Why did Stalin launch the Great Terror, 1936-38?

Essay by Tomst7A+, June 2003

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In 1932 things looked very good for Stalin; the First Five Year Plan was complete, the peasants had been collectivised and Stalin was the 'boss' and firmly in control. However, there was still a little opposition in the Communist Party and a Party member called Ryutin circulated criticism of Stalin and how he ran the Party among the Central Committee arguing for his removal as General Secretary. Of course, Stalin was furious that someone of so little importance had the audacity to say circulate such things, so he demanded that Ryutin should be executed and it was put to the vote. But surprisingly it seemed that the majority of the Politburo voted against the execution, and this majority was headed by a man called Kirov, who was the Party boss of Leningrad and had strongly supported Stalin throughout his struggle to power in the 1920's.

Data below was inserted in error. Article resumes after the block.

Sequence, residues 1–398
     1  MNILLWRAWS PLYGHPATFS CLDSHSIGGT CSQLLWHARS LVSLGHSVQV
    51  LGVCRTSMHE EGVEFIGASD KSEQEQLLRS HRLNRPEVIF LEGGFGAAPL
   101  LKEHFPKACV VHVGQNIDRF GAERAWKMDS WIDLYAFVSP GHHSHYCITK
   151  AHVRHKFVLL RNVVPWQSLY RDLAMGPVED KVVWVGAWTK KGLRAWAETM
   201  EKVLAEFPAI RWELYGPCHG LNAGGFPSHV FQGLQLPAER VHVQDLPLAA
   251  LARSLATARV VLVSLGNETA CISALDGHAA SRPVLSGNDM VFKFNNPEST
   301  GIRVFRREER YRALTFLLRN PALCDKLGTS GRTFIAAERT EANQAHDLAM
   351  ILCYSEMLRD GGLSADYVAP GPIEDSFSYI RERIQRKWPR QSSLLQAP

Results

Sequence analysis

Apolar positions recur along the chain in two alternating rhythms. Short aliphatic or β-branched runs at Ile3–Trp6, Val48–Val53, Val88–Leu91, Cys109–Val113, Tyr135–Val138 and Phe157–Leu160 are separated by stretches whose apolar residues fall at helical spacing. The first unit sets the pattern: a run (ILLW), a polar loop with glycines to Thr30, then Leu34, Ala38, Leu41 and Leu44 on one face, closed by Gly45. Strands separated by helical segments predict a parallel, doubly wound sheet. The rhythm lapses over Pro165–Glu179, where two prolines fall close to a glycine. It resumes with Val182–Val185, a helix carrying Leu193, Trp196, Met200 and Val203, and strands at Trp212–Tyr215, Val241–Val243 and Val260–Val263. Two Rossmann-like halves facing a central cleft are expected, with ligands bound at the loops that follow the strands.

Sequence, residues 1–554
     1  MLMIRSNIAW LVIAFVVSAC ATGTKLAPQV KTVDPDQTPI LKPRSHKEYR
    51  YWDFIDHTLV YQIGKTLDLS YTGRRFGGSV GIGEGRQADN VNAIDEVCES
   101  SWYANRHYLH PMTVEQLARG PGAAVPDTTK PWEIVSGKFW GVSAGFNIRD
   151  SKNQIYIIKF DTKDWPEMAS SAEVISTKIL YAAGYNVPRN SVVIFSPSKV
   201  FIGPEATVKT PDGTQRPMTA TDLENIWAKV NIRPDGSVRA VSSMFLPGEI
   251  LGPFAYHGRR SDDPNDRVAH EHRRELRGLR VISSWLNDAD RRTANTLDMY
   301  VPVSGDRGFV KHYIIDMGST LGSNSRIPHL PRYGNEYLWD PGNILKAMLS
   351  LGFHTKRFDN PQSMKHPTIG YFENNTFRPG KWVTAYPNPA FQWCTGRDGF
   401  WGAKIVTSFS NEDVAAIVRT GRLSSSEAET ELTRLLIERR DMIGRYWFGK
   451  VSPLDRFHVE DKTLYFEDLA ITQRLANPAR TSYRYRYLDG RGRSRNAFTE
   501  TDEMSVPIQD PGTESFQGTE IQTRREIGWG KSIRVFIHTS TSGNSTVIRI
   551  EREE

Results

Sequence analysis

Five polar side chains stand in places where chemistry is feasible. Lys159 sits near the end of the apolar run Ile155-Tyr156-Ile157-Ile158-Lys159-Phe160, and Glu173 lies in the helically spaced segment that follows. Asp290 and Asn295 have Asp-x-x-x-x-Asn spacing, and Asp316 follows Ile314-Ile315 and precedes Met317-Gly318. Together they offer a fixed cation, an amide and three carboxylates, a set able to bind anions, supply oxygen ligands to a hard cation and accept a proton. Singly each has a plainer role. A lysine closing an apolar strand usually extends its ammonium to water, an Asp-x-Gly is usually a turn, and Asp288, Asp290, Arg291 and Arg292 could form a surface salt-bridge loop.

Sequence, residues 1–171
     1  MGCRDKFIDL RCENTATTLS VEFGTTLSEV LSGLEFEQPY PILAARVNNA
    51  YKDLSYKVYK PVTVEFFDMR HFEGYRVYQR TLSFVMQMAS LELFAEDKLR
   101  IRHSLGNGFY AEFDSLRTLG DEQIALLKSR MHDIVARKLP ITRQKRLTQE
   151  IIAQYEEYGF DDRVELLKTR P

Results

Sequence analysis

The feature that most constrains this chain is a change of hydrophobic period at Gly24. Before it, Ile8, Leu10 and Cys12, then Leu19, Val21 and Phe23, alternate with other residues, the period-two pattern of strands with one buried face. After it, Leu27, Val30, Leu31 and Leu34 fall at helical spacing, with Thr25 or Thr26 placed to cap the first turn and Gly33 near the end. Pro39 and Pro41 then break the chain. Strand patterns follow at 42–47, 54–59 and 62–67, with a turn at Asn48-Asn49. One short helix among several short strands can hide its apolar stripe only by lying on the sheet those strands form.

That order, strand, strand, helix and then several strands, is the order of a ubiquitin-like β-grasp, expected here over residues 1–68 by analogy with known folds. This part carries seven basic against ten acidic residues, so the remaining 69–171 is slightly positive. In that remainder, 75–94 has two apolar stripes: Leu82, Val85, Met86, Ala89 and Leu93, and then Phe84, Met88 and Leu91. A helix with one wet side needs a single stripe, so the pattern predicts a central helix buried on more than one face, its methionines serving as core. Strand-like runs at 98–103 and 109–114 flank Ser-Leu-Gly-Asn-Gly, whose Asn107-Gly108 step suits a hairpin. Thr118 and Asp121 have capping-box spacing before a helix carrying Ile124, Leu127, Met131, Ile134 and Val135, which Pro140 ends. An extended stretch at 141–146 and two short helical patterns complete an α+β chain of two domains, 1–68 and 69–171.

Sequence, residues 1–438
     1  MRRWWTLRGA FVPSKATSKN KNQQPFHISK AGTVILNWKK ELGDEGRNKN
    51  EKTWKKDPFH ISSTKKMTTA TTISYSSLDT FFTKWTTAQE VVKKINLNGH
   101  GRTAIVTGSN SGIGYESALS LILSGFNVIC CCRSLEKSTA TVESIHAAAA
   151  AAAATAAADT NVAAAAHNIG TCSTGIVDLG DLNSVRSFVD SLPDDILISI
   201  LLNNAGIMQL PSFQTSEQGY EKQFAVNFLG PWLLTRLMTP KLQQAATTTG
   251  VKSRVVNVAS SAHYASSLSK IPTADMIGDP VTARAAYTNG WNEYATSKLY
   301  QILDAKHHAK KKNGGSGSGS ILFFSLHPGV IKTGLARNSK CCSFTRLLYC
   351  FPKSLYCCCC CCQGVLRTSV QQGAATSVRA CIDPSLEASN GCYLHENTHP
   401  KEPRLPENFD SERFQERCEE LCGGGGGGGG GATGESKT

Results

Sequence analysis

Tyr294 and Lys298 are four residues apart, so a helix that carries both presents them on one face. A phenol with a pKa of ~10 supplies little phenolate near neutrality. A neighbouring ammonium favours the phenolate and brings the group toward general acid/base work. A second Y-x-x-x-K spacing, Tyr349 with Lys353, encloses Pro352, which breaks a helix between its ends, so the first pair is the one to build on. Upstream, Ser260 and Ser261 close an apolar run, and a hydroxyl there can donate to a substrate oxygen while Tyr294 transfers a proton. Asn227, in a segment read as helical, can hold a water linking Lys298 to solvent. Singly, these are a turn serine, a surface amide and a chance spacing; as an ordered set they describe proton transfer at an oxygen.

In 1934 the Party Congress celebrated the triumphs of collectivisation and industrialisation, and this once again showed how popular Kirov was in the Congress and soon he turned into Stalin's rival, although Kirov did not know this at the time.

Then in December of 1934 Kirov was assassinated by a young man called Nikolaev in suspicious circumstances, which suggested that Stalin was behind the murder, and wanted to wipe out any opposition.

Two years after this assassination Stalin launched the Great Terror in Russia in 1936. The Great Terror was known as 'Yezhovshchina' in Russia, the time of Yezhov, who was head of the NKVD in 1936. The Terror fell into four main parts:

The Moscow Show Trials, 1936-1938

The Army Purge 1937

The Mass Purge

The Gulag

The first part of the Great Terror, the Moscow Show Trials, involved three main trials; The Zinoviev trial in 1936, The Trotskyite trial in...